Gil Maron

Project Engineer

Based in Colorado Springs, CO, USA


Automobile Industry and Water Management

How can the automobile industry inspire us to make better water management decisions?

There is no doubt that the invention of the automobile fundamentally transformed the way we live. Many people need a car for their livelihood and every-day activities. In 2018, there were more than 270 million motor vehicles in the USA alone (~0.8 cars per person, including children). But when we look at the history of the automobile, its importance to society was not so obvious at the beginning. When the first car was invented in 1885 by Karl Benz, he needed to overcome the negative perception of his innovation as well as the technology and engineering challenges. In fact, Karl’s wife, Bertha, changed history in 1888 by driving her husband’s invention to see her mother, 65 miles away. The idea not to use a horse was revolutionary. Over time, improvements to functionality, safety, efficiency, and affordability have resulted in cars being an undeniably essential part of our lives. The progress in the industry has been remarkable; from innovations that enabled mass production, to the Saab GT750 in 1958 that came with the first standard seatbelts, to the fully automated manufacturing of car production by Tesla. Today’s cars are not only machines that bring us from point A to point B but have become computers and robots on wheels with entertainment systems, navigation devices, wireless capabilities, built-in WIFI, and more. It is likely that when you think about the future of transportation, you easily envision a world of self-driving and flying cars. But how is this relevant to Water Management and how can the automobile be a good analogy? There is more in common between the evolution of the automobile and the evolution of water management than you may think.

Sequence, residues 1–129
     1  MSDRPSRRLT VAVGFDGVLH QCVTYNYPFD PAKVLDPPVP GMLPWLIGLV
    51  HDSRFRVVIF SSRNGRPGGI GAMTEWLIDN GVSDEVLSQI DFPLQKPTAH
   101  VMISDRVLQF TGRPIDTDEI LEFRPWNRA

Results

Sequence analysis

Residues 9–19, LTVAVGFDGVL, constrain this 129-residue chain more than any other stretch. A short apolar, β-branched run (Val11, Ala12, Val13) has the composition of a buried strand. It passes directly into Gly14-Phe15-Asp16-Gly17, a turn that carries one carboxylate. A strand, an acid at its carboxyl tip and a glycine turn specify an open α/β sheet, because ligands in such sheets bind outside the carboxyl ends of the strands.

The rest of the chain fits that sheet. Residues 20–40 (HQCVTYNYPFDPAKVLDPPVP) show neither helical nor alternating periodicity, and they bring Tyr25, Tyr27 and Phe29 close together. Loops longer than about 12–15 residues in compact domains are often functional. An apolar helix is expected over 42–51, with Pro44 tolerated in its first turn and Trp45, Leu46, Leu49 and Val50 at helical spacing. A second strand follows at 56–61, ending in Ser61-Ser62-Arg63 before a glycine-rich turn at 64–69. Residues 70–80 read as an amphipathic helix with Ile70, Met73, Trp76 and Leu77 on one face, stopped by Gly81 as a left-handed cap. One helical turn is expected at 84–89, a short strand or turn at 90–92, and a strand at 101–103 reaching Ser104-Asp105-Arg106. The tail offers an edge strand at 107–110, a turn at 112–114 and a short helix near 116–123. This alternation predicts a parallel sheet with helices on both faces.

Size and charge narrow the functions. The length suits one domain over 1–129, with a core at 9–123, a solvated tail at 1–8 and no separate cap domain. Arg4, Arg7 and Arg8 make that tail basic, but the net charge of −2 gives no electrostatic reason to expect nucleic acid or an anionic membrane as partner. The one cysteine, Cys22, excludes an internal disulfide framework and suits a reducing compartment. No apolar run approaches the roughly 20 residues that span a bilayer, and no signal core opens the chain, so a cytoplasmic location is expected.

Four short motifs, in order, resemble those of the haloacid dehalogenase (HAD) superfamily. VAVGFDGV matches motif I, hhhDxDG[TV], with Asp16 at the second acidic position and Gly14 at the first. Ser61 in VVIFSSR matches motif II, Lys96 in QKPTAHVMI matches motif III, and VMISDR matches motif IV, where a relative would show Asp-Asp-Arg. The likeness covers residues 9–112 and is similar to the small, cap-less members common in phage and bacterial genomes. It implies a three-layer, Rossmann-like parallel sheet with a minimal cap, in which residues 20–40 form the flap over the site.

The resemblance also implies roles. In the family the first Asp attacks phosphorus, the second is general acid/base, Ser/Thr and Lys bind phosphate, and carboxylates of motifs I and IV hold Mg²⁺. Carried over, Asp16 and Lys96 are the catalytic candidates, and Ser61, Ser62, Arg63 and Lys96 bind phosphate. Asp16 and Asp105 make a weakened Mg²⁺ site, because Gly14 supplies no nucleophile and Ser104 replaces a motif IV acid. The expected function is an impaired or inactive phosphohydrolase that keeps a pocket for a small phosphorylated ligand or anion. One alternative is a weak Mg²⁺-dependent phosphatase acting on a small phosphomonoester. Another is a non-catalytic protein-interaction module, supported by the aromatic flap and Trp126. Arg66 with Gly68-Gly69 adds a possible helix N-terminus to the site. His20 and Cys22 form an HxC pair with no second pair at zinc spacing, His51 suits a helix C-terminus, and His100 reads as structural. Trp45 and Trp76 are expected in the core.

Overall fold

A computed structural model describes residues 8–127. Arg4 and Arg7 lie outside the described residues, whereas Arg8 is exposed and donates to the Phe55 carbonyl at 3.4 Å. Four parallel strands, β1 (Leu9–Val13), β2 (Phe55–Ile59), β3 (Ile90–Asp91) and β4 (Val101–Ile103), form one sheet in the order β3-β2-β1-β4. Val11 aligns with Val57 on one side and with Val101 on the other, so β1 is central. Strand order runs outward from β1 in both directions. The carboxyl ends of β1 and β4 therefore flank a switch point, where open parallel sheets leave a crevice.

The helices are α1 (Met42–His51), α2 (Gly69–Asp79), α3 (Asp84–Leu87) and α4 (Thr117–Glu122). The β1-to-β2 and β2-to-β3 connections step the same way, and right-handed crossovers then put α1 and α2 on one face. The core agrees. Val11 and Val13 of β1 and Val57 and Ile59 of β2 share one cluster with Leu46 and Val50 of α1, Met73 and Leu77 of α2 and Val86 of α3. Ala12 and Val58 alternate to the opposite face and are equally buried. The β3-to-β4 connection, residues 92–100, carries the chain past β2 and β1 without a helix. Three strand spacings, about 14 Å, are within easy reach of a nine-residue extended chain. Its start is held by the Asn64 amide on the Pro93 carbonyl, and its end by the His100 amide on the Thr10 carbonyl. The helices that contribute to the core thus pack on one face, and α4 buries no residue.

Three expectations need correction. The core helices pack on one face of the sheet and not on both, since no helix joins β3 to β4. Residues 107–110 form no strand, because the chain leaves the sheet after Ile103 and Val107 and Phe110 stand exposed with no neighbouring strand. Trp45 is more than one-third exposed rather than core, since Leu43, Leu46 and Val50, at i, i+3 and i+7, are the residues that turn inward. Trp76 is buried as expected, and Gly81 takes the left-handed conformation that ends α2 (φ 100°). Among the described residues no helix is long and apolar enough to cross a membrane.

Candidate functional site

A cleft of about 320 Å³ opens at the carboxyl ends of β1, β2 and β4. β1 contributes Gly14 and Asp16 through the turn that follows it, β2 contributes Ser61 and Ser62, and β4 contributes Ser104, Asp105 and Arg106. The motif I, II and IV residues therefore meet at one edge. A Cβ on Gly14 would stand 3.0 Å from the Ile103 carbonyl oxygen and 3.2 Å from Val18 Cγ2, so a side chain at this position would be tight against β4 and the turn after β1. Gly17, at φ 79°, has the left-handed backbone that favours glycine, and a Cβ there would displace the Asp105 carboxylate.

What can we learn from automobile history and water management? 
  1. High complexity tasks can be systematized and automated. 
  2. High cost of operation can be substantially reduced by streamlining operations and decisions. 
  3. Multidisciplinary problems require integrated solution. 
  4. Data processing and management is at least as important. 
  5. Expertise is as critical to drive innovation. 

Water management in the semiconductor manufacturing industry today is at a critical point, similar to the situation the automobile was in the early 20th century. Mega semiconductor fabs consume vast quantities of fresh water while the city infrastructure development to supply this water is behind the speed of development of those facilities. 
One car is comprised of hundreds of elements operated in sync and tied to one computer and one driver. Water Management is still a disintegrated set of systems, often managed independently. Similar to the car that needs to deal with the boundaries of driving experience, safety, cost, reliability, road infrastructure, regulations, and environmental conditions, Water Management decisions require optimization around exactly the same boundaries. This requires the organization of all data in one place, similarly to the car’s computer making centralized and informed decisions. 

What does the future of water management look like? 
Much like the automobile’s future of self-driving cars, we believe that future water management product innovations will provide an intricate network of sensors and data processing artificial intelligence that will help facility operators make ever-improving water management decisions, thus minimizing the environmental footprint and optimizing the performance of the related facility systems.

If you are interested in knowing what FTD Solutions is doing to advance water management into its ideal future, please contact FTD Solutions.